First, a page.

Friday, July 27, 2007


Having lived almost all of my life in the same general area, seeing people I know is taken for granted. When I walk down the street of any of the neighboring towns I expect to see a few old friends and acquaintances. But not as many as there once were. The years have a way of taking care of that.

In early May, my brother-in-law, John Dale Harris died. At the age of 65, his passing seemed too early. I knew Dale for at least 50 years. It's difficult to believe that his soft voice is silenced. And that his slow, jolly smile is gone forever.

Over the past half-dozen years or so, if I wanted to see an example of perseverance, all I had to do was look up the street. My neighbor Louis "Gene" Werner had been the victim of a damaging stroke, but he was determined that it was not going to completely rob him of the use of his legs. So, daily, he walked a determined course, back and forth, up and down his driveway. And whenever I started to mow my large lawn, I could expect to see Gene and his John Deere lawn tractor coming down the street to help. The stroke had severely limited his ability to do a lot of tasks, but that tractor made it possible for him to still do a "days work." After many years of hard toil, it made him feel good to be able to do something worthwhile. And to help a neighbor.

In June, another massive stroke put Gene into the hospital. And the next one did more damage. He died on June 27. I will miss him.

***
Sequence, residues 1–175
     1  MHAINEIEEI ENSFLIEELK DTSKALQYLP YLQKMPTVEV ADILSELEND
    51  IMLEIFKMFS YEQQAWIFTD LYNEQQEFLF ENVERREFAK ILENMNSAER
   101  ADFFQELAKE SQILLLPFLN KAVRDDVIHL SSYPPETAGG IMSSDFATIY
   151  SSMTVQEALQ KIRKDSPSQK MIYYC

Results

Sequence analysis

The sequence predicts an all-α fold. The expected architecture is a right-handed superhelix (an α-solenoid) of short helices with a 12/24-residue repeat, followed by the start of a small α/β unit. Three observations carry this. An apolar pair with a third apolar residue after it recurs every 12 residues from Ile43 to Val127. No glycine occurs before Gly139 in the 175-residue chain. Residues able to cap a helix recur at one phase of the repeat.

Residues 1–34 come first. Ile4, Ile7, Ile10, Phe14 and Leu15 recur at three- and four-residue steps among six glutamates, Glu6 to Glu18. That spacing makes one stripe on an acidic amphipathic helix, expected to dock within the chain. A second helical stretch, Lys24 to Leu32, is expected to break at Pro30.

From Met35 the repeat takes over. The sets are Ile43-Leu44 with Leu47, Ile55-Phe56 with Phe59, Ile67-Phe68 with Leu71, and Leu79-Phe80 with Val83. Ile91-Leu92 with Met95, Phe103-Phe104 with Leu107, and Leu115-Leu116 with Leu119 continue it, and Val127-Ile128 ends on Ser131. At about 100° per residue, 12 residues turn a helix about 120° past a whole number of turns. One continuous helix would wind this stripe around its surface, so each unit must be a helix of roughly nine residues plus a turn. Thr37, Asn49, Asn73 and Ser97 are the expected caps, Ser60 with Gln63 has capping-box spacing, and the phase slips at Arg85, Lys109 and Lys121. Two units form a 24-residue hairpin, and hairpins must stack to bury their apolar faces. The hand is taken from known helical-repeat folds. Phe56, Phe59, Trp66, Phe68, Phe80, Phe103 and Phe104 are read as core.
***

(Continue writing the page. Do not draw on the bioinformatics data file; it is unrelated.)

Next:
Late June also brought the death of another old friend. Russ Nash was a writer, poet, retired college instructor, sociologist, etc. to name but a few of his many activities and achievements. But his life was cut short. He died on June 25 after a mercifully short bout with cancer.

Ruth Nash decided to turn the planned tribute into a memorial service for her late husband. The lobby of the Dubuque Museum of Art rapidly "filled to overflowing," with a long line of visitors still remaining out on the sidewalk. People of all ages and walks of life came to pay their respect. There were no long faces and no tears. It did not seem necessary or proper to mourn for Russ Nash. It felt more appropriate and natural to celebrate his life and his accomplishments. And his generosity in sharing his gifted talents with others.

As I elbowed my way through the throng, I ran into quite a few of my old friends from the Dubuque Area Writer's Guild. Every now and then I would hear someone say, "Wow, Russ would have really enjoyed a get-together like this!"

And he would have. All of those people. What lively and interesting conversations he would have engaged in. And then there was a cornucopia of food and beverage. And the speeches. He would certainly have loved the music of the grand piano, violin and cello.

Now and then some of his students of bygone days would compare notes on their experiences with Russ in his college classes. More than a few stated that without Russ' special help or his tutoring they would never have made it to graduation. And there might have been a small number of people in the crowd, like me, who might not be writing today but for the compliment and encouragement we received along the way form Russ and others like him. What better encouragement could this old country boy have received than to have had Russ Nash invite me to take part in a half-dozen of his Artscape and Question Box community access TV programs?

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